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Black-bellied Plover in breeding plumage by nigel (CC BY 2.0)
Black-Bellied Plover, Winter Plumage. Barnegat N.J.
Black-bellied Plover in winter plumage by Peter Massas (CC BY-SA 2.0)

The Black-bellied Plover joins Birdorable today as our 638th cute cartoon bird. Be sure to check out our selection of apparel and gifts featuring our Birdorable Black-bellied Plover.

Tomorrow our Bonanza will reveal a type of heron with a very wide bill. Can you guess tomorrow's species?

Birdorable Piping Plover on Word

Everybody loves plovers, they are the cutest thing on the planet, and you can't spell Plovers without "Love". Happy Valentine's Day to everyone and if you're looking for some cute heart-themed gifts for your special birder then check out the designs with customizable products in our love and hearts section.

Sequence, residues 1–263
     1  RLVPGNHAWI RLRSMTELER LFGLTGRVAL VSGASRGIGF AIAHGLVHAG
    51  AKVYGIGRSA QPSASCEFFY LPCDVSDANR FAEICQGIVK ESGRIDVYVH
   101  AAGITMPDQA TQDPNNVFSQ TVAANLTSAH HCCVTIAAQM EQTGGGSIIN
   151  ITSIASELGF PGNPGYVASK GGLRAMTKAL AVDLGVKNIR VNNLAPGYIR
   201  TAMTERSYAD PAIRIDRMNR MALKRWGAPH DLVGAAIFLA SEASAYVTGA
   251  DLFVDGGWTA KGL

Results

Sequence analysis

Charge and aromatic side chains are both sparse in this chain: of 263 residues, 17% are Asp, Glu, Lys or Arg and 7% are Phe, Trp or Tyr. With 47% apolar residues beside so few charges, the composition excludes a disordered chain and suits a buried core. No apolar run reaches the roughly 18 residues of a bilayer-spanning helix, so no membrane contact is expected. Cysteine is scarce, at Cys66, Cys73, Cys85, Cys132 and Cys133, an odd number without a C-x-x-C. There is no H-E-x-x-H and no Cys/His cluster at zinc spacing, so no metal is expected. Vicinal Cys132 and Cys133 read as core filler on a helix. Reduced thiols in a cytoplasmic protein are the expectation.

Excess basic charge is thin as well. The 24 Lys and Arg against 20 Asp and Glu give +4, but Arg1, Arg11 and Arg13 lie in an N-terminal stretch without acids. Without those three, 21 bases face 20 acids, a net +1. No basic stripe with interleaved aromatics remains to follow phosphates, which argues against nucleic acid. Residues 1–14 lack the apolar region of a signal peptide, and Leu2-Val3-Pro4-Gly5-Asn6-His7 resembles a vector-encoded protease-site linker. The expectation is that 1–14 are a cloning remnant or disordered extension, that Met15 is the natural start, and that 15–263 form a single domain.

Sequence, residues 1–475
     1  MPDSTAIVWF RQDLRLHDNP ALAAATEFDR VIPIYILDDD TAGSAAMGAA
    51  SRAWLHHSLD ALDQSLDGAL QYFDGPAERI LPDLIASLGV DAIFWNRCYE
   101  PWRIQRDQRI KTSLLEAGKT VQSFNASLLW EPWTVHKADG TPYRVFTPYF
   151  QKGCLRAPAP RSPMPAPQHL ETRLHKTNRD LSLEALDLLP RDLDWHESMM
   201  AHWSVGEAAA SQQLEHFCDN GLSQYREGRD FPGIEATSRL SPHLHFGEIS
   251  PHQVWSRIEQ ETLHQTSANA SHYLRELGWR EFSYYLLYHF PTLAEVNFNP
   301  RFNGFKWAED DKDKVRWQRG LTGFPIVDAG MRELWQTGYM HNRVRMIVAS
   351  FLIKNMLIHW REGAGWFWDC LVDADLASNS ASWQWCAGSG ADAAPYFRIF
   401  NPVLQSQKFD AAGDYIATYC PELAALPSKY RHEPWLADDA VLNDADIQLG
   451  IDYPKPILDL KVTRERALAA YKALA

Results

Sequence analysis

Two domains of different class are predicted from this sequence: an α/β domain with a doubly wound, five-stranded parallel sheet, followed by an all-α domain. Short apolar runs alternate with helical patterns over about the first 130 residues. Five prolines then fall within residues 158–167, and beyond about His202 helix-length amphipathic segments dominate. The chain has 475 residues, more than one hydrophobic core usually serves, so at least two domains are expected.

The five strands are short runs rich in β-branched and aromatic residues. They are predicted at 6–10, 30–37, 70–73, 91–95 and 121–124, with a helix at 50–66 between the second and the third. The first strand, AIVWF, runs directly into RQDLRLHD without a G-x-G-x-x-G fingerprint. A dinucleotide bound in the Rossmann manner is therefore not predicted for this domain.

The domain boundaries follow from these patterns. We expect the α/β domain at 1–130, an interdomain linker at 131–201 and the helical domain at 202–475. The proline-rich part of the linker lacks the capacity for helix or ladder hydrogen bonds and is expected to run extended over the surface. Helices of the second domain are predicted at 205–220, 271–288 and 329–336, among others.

The Egyptian Plover is a beautiful species of wader that lives in parts of sub-Saharan Africa. Despite the common name, their present range does not extend to any part of Egypt. The bird is sometimes known by another name: Crocodile Bird.

During his travels to Egypt in 459 BC, the Greek historian Herodotus recorded a fascinating observation: a small bird, which he identified as the Egyptian Plover, engaging in what appeared to be a symbiotic interaction with a crocodile. According to Herodotus, this bird was seen picking out food from the open mouth of a crocodile, a behavior presumed to be mutually beneficial. The crocodile would receive a thorough cleaning of its teeth, while the bird enjoyed an effortless meal.